Acts 7:60


King James Version (KJV)

And he kneeled down, and cried with a loud voice, Lord, lay not this sin to their charge. And when he had said this, he fell asleep.

American King James Version (AKJV)

And he kneeled down, and cried with a loud voice, Lord, lay not this sin to their charge. And when he had said this, he fell asleep.

American Standard Version (ASV)

And he kneeled down, and cried with a loud voice, Lord, lay not this sin to their charge. And when he had said this, he fell asleep.

Basic English Translation (BBE)

And going down on his knees, he said in a loud voice, Lord, do not make them responsible for this sin. And when he had said this, he went to his rest.

Webster's Revision

And he kneeled down and cried with a loud voice, Lord, lay not this sin to their charge. And when he had said this, he fell asleep.

World English Bible

He kneeled down, and cried with a loud voice, "Lord, don't hold this sin against them!" When he had said this, he fell asleep.

English Revised Version (ERV)

And he kneeled down, and cried with a loud voice, Lord, lay not this sin to their charge. And when he had said this, he fell asleep.

Clarke's Acts 7:60 Bible Commentary

He kneeled down - That he might die as the subject of his heavenly Master - acting and suffering in the deepest submission to his Divine will and permissive providence; and, at the same time, showing the genuine nature of the religion of his Lord, in pouring out his prayers with his blood in behalf of his murderers!

Lay not this sin to their charge - That is, do not impute it to them so as to exact punishment. How much did the servant resemble his Lord, Father, forgive them, for they know not what they do! This was the cry of our Lord in behalf of his murderers; and the disciple, closely copying his Master, in the same spirit, and with the same meaning, varies the expression, crying with a loud voice, Lord, lay not this sin to their charge! What an extent of benevolence! And in what a beautiful light does this place the spirit of the Christian religion! Christ had given what some have supposed to be an impossible command; Love your enemies; pray for them that despitefully use and persecute you. And Stephen shows here, in his own person, how practicable the grace of his Master had made this sublime precept.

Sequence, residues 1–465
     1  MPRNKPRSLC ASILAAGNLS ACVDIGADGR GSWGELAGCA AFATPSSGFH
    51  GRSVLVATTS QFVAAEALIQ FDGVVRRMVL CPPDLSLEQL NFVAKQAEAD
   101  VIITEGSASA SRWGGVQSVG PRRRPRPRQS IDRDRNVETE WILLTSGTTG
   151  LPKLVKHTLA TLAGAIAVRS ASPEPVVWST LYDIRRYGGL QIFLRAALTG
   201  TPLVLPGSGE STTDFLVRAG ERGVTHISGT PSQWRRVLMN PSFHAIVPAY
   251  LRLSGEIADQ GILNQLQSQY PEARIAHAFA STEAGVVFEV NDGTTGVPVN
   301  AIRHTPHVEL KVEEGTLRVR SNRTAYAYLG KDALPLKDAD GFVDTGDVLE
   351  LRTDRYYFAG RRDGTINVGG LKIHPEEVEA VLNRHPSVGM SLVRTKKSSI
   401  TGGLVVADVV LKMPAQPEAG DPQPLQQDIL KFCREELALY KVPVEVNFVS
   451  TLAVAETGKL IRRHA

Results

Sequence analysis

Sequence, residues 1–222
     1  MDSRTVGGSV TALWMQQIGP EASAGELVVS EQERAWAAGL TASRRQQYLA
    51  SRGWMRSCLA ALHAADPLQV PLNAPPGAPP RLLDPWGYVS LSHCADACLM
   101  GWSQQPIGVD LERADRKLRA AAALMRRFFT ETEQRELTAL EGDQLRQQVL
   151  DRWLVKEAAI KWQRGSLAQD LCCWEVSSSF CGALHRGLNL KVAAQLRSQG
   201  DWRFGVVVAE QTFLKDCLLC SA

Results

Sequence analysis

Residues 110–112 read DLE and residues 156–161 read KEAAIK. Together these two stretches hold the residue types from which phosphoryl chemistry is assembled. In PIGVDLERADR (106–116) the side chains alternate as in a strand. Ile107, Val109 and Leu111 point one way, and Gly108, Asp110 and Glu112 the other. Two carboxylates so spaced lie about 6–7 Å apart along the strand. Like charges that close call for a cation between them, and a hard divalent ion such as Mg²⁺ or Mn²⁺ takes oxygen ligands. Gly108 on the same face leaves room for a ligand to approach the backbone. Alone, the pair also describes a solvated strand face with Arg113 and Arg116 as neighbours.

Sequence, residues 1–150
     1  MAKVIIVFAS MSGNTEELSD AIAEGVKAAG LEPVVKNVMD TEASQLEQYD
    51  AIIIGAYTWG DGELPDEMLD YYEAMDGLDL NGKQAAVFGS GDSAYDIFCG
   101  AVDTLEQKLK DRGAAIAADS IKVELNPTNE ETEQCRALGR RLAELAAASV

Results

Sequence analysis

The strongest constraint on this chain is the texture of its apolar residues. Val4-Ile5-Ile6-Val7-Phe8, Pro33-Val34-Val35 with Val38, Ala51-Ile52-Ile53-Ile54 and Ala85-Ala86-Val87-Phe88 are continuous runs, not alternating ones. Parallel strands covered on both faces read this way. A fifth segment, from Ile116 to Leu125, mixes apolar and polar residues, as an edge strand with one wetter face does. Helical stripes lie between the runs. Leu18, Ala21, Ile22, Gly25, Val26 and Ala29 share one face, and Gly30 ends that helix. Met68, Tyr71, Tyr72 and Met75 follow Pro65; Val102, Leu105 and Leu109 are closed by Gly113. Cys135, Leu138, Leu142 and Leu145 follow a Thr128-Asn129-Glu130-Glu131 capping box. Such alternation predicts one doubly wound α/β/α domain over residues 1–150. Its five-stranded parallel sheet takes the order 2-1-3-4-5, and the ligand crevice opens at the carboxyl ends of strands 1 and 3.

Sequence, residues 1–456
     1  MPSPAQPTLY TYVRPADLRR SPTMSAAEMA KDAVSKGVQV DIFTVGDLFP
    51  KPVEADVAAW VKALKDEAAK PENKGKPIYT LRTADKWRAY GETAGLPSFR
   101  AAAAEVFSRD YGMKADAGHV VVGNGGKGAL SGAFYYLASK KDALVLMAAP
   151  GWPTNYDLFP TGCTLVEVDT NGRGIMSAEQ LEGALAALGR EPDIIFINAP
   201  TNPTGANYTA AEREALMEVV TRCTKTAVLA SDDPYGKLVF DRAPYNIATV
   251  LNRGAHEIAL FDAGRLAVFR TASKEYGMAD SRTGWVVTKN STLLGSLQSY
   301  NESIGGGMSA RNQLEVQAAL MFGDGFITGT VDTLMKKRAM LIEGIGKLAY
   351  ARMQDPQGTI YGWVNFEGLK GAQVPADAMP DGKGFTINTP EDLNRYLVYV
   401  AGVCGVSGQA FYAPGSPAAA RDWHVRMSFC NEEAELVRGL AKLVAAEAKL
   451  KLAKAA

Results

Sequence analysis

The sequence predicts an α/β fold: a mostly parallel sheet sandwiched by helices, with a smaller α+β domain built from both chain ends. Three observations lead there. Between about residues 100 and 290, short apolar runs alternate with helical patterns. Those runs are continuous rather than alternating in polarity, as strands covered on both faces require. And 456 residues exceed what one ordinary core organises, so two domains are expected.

He fell asleep - This was a common expression among the Jews to signify death, and especially the death of good men. But this sleep is, properly speaking, not attributable to the soul, but to the body; for he had commended his spirit to the Lord Jesus, while his body was overwhelmed with the shower of stones cast on him by the mob.

After the word εκοιμηθη, fell asleep, one MS. adds, εν ειρηνῃ, in peace; and the Vulgate has, in Domino, in the Lord. Both these readings are true, as to the state of St. Stephen; but I believe neither of them was written by St. Luke.

The first clause of the next chapter should come in here, And Saul was consenting unto his death: never was there a worse division than that which separated it from the end of this chapter: this should be immediately altered, and the amputated member restored to the body to which it belongs.